If you’re a bit confused after reading through all that, not to worry. To see all the permutations of the Datejust II and the Datejust 36, simply go to the Datejust page on the Rolex website and you’ll be able to see the differences. Additionally, since all of the watches listed for sale on our site have their corresponding years, it makes it easy to tell when the different Datejust watches were made.
The Datejust II vs. Datejust 41
Now, let’s turn our attention to the other 41mm Datejust. The Datejust II filled a void in the Rolex catalog for a larger, more contemporary edition of the famous Datejust luxury watch. However, there was still so much room for improvement – enter the Datejust 41. It was released to the market in 2016, bringing with it several design tweaks.
Side-by-side, the Datejust 41 seems more polished and buttoned-up than the Datejust II. Although it keeps the same 41mm diameter, the somewhat chunky lugs on its predecessor have been replaced with slimmer, more refined lugs. Additionally, the bezel has been thinned out, allowing the dial to take on a larger appearance and adding to the overall effortless design of the Datejust 41 that more closely mirrors the aesthetic of the traditional Datejust 36. As far as contemporary dress watches are considered, the Datejust 41 gets even the smallest details right.
Looking at the design options, the Datejust 41 offers a bit more. The Datejust II was only produced on the three-link Oyster bracelet, while the Datejust 41 gives you the option of either the Oyster or the dressier 5-piece link Jubilee bracelet, just like the Datejust 36. It also features more metal finishes, including standard Oystersteel and all three Rolesor finishes pairing steel with rose, yellow, or white gold. As of the writing of this article, we still don’t have a full gold Datejust 41 model.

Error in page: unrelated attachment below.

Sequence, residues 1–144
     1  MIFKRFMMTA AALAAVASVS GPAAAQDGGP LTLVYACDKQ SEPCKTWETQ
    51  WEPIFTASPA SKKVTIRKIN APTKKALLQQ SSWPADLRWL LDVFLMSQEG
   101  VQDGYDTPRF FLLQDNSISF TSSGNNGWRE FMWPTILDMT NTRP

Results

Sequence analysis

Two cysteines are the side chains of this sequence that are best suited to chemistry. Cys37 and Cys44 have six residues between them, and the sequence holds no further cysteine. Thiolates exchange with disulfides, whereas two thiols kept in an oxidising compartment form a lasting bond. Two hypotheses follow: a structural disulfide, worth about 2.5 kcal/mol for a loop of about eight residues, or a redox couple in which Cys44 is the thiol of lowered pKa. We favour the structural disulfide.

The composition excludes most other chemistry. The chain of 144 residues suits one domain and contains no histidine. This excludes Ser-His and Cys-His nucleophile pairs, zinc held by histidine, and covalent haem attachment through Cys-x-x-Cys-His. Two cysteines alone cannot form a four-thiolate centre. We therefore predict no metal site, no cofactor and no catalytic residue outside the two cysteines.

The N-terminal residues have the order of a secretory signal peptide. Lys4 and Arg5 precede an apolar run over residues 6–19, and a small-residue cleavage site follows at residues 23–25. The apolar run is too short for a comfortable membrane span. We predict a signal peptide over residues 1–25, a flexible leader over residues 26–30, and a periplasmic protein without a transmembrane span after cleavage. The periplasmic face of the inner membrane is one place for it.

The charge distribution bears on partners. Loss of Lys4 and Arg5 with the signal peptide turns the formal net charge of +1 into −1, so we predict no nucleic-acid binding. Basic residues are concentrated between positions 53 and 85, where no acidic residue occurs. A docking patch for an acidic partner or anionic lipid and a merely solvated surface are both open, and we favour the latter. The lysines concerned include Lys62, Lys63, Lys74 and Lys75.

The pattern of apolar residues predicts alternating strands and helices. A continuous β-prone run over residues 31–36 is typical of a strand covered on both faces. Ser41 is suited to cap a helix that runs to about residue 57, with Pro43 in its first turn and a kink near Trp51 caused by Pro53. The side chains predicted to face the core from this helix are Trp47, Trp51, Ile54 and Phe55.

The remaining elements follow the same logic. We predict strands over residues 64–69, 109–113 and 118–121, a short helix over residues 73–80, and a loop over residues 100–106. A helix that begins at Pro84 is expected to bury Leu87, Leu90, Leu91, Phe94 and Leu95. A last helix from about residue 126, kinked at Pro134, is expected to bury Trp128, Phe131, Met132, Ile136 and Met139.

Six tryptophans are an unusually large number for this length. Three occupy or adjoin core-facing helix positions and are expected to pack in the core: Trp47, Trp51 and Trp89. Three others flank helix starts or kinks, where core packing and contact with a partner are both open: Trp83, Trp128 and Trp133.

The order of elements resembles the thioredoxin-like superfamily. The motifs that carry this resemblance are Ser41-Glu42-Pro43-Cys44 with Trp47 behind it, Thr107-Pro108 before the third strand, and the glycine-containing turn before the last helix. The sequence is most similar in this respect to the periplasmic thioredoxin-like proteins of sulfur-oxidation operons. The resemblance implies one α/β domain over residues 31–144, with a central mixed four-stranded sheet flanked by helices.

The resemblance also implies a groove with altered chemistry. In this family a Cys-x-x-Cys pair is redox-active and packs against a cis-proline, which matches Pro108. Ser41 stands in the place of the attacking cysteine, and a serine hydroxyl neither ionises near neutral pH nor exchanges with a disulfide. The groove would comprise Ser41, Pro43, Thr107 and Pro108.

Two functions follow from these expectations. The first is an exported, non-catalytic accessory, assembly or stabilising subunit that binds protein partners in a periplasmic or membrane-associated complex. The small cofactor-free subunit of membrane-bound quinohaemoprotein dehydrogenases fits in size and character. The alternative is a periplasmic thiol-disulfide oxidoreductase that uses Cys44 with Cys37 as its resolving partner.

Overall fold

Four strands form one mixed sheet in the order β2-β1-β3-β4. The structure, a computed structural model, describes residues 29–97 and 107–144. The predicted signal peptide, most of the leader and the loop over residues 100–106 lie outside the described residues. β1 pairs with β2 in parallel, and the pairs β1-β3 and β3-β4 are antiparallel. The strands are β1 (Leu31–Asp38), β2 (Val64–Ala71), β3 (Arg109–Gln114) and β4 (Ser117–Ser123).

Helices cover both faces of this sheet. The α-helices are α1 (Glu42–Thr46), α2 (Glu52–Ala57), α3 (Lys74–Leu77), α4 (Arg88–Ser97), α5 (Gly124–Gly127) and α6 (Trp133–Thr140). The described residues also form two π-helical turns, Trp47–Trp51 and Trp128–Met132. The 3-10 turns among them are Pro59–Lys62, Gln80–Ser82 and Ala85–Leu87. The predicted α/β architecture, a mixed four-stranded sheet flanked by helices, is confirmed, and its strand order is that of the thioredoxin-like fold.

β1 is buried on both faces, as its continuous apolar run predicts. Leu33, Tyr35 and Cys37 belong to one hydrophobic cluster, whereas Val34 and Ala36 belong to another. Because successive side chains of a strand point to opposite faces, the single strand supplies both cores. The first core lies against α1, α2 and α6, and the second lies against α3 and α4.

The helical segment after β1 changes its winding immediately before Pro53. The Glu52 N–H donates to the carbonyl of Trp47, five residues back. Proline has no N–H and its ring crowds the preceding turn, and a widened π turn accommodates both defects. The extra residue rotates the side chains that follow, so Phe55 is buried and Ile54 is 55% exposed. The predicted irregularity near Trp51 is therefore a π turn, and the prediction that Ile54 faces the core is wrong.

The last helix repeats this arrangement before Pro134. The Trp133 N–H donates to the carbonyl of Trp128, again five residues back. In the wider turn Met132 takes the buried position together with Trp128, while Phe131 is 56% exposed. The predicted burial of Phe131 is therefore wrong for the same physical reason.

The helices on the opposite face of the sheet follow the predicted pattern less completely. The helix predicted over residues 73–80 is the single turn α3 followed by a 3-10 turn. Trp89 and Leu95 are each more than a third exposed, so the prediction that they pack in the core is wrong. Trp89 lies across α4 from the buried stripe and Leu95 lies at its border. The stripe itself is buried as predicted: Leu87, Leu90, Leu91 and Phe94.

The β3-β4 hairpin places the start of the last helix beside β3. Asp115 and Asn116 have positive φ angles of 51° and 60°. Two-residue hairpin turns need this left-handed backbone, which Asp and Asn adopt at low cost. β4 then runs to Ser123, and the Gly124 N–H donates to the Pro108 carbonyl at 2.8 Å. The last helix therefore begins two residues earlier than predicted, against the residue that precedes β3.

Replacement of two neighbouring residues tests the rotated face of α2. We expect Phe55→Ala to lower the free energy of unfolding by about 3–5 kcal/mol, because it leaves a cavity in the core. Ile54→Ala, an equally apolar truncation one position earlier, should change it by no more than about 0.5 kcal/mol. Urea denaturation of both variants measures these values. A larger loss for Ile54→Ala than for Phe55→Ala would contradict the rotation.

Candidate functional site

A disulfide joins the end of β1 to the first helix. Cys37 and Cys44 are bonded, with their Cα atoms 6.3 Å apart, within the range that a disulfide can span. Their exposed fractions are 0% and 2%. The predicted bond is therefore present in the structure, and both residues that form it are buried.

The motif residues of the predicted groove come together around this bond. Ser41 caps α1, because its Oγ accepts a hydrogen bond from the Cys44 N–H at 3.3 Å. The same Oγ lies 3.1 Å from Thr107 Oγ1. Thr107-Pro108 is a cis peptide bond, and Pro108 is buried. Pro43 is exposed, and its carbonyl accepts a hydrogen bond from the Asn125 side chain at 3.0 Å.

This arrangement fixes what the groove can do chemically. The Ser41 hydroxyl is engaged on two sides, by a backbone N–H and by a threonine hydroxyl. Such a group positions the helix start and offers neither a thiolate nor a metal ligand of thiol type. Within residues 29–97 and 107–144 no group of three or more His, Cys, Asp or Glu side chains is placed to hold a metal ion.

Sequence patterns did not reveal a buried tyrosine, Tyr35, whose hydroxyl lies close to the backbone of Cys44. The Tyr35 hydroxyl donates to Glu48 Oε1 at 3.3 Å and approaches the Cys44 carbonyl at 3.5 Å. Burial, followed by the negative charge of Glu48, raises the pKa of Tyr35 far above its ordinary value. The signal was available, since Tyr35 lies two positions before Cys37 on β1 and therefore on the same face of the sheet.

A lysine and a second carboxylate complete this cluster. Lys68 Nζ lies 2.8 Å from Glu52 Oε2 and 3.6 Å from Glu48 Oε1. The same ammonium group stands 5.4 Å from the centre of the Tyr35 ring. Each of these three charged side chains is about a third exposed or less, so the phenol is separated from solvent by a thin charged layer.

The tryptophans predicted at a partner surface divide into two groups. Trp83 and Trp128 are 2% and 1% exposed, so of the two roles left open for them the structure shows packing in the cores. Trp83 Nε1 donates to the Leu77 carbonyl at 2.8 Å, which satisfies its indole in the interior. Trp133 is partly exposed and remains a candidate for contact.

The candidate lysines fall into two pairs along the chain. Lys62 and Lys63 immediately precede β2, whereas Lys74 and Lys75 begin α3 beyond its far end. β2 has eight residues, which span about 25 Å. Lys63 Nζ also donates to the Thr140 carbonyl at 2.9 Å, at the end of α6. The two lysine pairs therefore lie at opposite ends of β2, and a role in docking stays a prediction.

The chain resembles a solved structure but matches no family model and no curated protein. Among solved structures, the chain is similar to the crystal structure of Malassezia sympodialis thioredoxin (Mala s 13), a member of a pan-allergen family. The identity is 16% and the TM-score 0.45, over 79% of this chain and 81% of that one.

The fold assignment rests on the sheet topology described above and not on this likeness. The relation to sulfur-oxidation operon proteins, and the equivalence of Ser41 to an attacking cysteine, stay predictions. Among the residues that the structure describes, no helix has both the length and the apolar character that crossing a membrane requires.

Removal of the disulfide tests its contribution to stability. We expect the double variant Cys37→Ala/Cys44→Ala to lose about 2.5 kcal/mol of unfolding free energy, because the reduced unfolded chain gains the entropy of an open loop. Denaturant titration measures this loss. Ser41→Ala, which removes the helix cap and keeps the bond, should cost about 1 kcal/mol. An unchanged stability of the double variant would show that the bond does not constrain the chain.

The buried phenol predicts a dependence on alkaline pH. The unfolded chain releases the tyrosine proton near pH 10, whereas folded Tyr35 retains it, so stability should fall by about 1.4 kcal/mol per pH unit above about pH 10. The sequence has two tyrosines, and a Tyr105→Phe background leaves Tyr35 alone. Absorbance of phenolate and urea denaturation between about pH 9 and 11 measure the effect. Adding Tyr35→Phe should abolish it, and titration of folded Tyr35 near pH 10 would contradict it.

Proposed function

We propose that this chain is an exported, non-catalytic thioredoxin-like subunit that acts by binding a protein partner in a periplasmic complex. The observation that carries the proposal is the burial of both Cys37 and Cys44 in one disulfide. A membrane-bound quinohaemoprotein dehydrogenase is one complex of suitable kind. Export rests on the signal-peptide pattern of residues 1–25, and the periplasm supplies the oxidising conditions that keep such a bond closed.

Dial options vary from the polarizing “Wimbledon” Roman numeral dial to classic hues, such as champagne or blue adorned with baton hour markers filled with Rolex’s spectacular Chromalight lume.
Movement Differences: Datejust II vs. Datejust 41
Looking inside the case, the movement also received a significant upgrade in the form of the latest and greatest Rolex movement: caliber 3235. This movement replaces the long-reigning caliber 3135 and can be found inside both the Datejust 36 and the Datejust 41. However, the Datejust II was only ever powered by the caliber 3136.
This movement has a longer power reserve of up to 70 hours and a more efficient skeletonized Chronergy escapement. Over 90% of the components inside cal. 3235 are new, resulting in a movement that offers better resistance to electromagnetic fields, a longer power reserve, and better overall efficiency of up to 15%.
The Datejust, in its countless variations, is Rolex’s most successful model of all time. It came to market in 1945 and shows no signs of slowing down anytime soon. Which model do you prefer? The classic Datejust 36? Or the 41mm Datejust?